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Reckless Guardians: The Rise and Fall of Cinematic Responsibility…

I actually quite enjoyed The Rise of the Guardians. It is probably the most visually assured animation from Dreamworks to date, the cast are all having a great time and the plot is simple but effective. However, I just didn’t wind up feeling an emotional connection to the central character, Jack Frost. Jack is an embodiment of an abstract concept – a “guardian” appointed by “the Man in the Moon” (or “Manny” to his friends). The bulk of Rise of the Guardians is about Jack learning to embrace his new position and everything that comes with it – to swallow his insecurity and to accept that he has been chosen to do a kick-ass job.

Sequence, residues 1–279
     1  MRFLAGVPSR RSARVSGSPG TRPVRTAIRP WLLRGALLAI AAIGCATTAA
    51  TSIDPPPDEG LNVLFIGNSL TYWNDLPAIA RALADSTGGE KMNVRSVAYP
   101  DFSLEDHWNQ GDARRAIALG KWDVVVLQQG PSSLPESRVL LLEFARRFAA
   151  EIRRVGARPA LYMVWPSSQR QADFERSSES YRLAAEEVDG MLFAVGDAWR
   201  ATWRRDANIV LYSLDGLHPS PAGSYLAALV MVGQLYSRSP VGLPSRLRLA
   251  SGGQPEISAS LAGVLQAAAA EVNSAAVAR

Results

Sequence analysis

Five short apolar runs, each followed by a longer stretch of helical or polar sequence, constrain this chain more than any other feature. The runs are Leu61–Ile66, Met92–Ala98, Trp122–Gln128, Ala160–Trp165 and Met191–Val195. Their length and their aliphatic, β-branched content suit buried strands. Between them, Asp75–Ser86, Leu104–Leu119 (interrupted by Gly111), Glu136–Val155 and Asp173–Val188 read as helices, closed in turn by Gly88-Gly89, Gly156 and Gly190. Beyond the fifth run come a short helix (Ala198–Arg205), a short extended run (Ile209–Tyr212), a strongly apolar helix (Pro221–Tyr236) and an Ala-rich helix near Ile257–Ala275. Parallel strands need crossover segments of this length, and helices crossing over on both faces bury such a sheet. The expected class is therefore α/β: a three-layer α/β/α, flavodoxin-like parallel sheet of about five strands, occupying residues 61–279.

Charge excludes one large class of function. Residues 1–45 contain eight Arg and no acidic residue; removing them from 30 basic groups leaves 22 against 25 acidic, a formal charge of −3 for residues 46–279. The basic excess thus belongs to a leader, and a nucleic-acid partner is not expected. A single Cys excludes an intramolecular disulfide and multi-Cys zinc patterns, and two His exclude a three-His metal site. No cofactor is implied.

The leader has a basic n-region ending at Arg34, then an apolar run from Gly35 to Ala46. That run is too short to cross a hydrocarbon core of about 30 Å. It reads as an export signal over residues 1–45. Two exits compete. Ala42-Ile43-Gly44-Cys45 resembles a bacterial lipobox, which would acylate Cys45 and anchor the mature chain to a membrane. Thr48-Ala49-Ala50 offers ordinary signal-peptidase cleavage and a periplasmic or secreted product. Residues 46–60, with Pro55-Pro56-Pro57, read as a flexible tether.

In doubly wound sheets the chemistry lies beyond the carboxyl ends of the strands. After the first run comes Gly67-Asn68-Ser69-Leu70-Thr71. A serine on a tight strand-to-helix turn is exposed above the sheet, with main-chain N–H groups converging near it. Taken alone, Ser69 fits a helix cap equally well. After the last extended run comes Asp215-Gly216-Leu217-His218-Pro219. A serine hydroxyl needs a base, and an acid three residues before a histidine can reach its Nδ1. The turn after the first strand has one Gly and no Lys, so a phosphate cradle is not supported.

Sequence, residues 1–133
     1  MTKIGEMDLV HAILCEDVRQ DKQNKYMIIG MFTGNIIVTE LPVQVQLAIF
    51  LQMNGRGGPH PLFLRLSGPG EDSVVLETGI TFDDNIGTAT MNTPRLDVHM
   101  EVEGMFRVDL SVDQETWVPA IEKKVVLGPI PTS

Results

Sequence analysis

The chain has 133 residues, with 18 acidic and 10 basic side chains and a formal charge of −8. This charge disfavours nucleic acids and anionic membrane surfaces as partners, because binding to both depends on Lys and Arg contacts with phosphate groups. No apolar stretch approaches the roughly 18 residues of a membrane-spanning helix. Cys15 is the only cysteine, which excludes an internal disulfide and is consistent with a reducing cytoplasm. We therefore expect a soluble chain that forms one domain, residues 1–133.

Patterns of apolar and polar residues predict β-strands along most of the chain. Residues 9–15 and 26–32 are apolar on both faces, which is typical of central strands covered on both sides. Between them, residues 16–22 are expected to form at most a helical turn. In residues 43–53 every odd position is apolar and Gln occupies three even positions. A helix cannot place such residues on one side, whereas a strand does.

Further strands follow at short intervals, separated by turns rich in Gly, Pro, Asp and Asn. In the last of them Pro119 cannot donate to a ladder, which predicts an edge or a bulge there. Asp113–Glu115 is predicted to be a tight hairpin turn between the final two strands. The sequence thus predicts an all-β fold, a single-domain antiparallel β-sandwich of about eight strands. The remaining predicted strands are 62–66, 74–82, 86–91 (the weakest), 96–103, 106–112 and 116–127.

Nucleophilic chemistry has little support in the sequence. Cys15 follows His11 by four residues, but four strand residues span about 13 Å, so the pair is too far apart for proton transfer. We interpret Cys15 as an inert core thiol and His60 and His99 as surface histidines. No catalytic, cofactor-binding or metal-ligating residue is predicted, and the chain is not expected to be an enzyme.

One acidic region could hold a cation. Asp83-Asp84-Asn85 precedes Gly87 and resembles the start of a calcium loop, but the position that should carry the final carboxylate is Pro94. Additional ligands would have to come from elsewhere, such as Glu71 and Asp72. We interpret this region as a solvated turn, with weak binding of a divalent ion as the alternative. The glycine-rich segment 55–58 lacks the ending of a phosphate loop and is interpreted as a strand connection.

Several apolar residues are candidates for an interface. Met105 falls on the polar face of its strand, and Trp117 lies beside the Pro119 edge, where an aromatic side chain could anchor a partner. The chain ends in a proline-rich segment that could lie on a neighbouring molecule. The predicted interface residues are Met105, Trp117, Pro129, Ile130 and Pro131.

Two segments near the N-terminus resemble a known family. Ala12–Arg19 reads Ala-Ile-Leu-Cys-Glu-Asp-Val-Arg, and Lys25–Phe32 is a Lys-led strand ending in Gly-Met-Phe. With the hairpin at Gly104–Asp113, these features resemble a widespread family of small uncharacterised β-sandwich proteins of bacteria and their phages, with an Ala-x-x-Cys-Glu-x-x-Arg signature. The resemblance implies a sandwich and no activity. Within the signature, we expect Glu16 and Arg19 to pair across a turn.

Still, it remains quite difficult to connect with Jack Frost, and I wonder if it’s the same problem that made Pixar’s much-maligned Cars 2 so difficult to swallow. Rather than learning to temper his unreliable inconsistency, the movie asks an irresponsible character to effectively embrace the flaw completely.

Note: This article contains a few spoilers for Rise of the Guardians.

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